Study reveals immune-system paralysis in severe COVID-19 cases

Study reveals immune-system paralysis in severe COVID-19 cases

Last Reviewed : 01/05/2021
Study reveals immune-system paralysis in severe COVID-19 cases

Press Release: 

  • A new study shows that in severely ill COVID-19 patients, 'first-responder' immune cells, which should react immediately to signs of viral or bacterial presence in the body, instead respond sluggishly.
  • One of the great mysteries of COVID-19 infections has been that some people develop severe disease, while others seem to recover quickly. Now we have some insights into why that happens.


Some people get really sick from COVID-19, and others don't. Nobody knows why.

Now, a study by investigators at the Stanford University of Medicine and other institutions has turned up immunological deviations and lapses that appear to spell the difference between severe and mild cases of COVID-19.

That difference may stem from how our evolutionarily ancient innate immune system responds to SARS-CoV-2, the virus that causes the disease. Found in all creatures from fruit flies to humans, the innate immune system rapidly senses viruses and other pathogens. As soon as it does, it launches an immediate though somewhat indiscriminate attack on them and mobilizes more precisely targeted, but slower-to-get-moving, "sharpshooter" cells belonging to a different branch of the body's pathogen-defense forces, the adaptive immune system.

These findings reveal how the immune system goes awry during coronavirus infections, leading to severe disease, and point to potential therapeutic targets.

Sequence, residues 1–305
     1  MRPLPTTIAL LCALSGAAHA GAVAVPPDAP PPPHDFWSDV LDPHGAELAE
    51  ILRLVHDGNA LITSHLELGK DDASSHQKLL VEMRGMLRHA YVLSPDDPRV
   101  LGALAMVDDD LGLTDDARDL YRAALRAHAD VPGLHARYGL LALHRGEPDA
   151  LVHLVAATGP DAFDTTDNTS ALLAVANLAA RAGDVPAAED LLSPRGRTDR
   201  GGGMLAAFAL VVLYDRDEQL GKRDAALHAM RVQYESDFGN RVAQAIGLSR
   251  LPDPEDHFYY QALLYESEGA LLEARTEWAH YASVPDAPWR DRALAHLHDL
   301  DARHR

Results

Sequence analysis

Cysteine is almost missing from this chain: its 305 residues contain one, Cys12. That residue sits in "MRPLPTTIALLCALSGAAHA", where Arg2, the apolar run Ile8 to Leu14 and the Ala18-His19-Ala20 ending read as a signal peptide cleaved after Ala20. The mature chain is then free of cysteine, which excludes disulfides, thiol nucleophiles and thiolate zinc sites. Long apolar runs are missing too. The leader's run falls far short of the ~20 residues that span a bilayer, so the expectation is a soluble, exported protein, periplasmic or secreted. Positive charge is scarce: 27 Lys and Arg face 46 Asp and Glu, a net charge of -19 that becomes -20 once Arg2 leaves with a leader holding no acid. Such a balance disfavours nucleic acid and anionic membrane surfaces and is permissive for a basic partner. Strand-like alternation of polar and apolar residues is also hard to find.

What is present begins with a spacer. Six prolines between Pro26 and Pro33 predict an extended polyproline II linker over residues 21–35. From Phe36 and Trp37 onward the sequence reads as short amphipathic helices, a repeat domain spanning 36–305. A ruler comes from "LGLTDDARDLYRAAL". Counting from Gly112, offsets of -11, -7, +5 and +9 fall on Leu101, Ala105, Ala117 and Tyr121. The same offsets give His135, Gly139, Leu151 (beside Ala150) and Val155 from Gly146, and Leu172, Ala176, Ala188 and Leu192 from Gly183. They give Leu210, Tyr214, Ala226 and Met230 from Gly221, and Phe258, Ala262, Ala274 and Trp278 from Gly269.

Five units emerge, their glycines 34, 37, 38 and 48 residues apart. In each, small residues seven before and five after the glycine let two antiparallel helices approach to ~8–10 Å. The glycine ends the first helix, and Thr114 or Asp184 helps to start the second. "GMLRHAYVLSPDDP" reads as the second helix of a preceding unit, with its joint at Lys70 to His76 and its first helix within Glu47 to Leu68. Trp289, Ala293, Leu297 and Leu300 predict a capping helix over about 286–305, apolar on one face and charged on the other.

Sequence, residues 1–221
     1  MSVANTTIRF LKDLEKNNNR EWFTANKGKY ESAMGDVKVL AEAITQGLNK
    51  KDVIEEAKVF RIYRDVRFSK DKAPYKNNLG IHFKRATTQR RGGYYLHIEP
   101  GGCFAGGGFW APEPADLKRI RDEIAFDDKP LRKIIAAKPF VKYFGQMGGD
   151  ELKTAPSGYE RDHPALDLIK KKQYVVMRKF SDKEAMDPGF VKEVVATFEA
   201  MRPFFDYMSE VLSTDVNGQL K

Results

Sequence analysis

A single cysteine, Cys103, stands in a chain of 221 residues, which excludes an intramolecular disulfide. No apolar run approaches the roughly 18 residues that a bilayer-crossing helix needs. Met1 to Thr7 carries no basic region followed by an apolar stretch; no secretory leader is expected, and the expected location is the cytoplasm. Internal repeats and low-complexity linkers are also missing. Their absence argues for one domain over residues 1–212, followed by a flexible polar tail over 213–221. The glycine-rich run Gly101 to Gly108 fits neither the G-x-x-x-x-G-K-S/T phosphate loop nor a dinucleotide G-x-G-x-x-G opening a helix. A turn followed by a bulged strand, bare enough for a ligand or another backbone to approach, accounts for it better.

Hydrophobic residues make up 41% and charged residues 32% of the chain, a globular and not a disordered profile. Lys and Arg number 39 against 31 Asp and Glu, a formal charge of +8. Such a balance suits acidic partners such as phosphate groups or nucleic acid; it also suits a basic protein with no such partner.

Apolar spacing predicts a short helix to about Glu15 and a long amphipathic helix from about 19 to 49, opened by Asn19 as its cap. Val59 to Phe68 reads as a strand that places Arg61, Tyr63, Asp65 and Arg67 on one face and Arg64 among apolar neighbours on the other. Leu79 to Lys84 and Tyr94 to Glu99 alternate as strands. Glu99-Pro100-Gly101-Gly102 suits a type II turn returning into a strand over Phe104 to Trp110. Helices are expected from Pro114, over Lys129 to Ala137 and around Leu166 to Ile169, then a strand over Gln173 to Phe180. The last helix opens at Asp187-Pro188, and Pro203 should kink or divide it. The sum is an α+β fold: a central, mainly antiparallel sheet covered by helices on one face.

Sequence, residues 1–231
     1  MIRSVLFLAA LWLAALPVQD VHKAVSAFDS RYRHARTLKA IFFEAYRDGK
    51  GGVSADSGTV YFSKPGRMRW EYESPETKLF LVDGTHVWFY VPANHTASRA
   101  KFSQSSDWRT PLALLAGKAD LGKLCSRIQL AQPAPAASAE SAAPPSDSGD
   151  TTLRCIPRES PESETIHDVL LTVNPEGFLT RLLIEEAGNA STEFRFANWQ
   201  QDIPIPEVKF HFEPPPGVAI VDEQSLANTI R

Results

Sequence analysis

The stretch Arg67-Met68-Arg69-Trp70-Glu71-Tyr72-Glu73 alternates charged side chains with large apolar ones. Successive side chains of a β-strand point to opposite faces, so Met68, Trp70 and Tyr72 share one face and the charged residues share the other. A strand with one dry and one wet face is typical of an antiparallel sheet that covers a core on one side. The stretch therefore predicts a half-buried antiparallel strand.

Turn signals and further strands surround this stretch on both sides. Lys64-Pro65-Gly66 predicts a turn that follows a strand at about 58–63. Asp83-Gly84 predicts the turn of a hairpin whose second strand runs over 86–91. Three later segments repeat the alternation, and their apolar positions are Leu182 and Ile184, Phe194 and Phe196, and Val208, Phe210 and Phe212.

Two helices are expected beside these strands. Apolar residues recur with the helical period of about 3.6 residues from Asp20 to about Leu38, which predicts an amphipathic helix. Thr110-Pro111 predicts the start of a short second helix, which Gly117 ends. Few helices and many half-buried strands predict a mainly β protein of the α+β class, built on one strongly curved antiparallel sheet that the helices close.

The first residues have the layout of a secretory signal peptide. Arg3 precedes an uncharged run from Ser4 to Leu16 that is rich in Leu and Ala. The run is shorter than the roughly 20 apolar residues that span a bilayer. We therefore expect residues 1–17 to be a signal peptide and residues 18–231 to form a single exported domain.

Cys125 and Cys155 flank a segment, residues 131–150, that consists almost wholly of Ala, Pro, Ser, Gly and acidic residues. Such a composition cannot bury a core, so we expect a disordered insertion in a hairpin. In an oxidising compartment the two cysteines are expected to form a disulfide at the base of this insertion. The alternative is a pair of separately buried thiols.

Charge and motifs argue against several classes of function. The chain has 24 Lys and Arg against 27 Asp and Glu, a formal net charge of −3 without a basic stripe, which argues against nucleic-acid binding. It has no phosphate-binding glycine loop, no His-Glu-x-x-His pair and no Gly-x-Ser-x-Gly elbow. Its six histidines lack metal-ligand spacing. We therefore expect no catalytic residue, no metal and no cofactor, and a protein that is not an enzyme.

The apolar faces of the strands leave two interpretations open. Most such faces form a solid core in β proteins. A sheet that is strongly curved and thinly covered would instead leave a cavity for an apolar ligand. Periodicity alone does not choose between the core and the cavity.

Three molecular suspects

The researchers analyzed the immune response in 76 people with COVID-19 and in 69 healthy people. They found enhanced levels of molecules that promote inflammation in the blood of severely ill COVID-19 patients. Three of the molecules they identified have been shown to be associated with lung inflammation in other diseases but had not been shown previously in COVID-19 infections.

These three molecules and their receptors could represent attractive therapeutic targets in combating COVID-19. They are now testing the therapeutic potential of blocking these molecules in animal models of COVID-19.

Bacterial debris and immune paralysis

The scientists also found elevated levels of bacterial debris, such as bacterial DNA and cell-wall materials, in the blood of those COVID-19 patients with severe cases. The more debris, the sicker the patient -- and the more pro-inflammatory substances circulating in his or her blood.

The findings suggest that in cases of severe COVID-19, bacterial products ordinarily present only in places such as the gut, lungs and throat may make their way into the bloodstream, kick-starting enhanced inflammation that is conveyed to all points via the circulatory system.

But the study also revealed that, paradoxically, key cells of the innate immune system in the blood of COVID-19 patients became increasingly paralyzed as the disease got worse. Instead of being aroused by the presence of viruses or bacteria, these normally vigilant cells remained functionally sluggish.


Story Source:

Materials provided by Stanford Medicine. Original written by Bruce Goldman. Note: Content may be edited for style and length.

Journal Reference:

  1. Prabhu S. Arunachalam, Florian Wimmers, Chris Ka Pun Mok, Ranawaka A. P. M. Perera, Madeleine Scott, Thomas Hagan, Natalia Sigal, Yupeng Feng, Laurel Bristow, Owen Tak-Yin Tsang, Dhananjay Wagh, John Coller, Kathryn L. Pellegrini, Dmitri Kazmin, Ghina Alaaeddine, Wai Shing Leung, Jacky Man Chun Chan, Thomas Shiu Hong Chik, Chris Yau Chung Choi, Christopher Huerta, Michele Paine McCullough, Huibin Lv, Evan Anderson, Srilatha Edupuganti, Amit A. Upadhyay, Steve E. Bosinger, Holden Terry Maecker, Purvesh Khatri, Nadine Rouphael, Malik Peiris, Bali Pulendran. Systems biological assessment of immunity to mild versus severe COVID-19 infection in humansScience, August 11, 2020; DOI: 10.1126/science.abc6261

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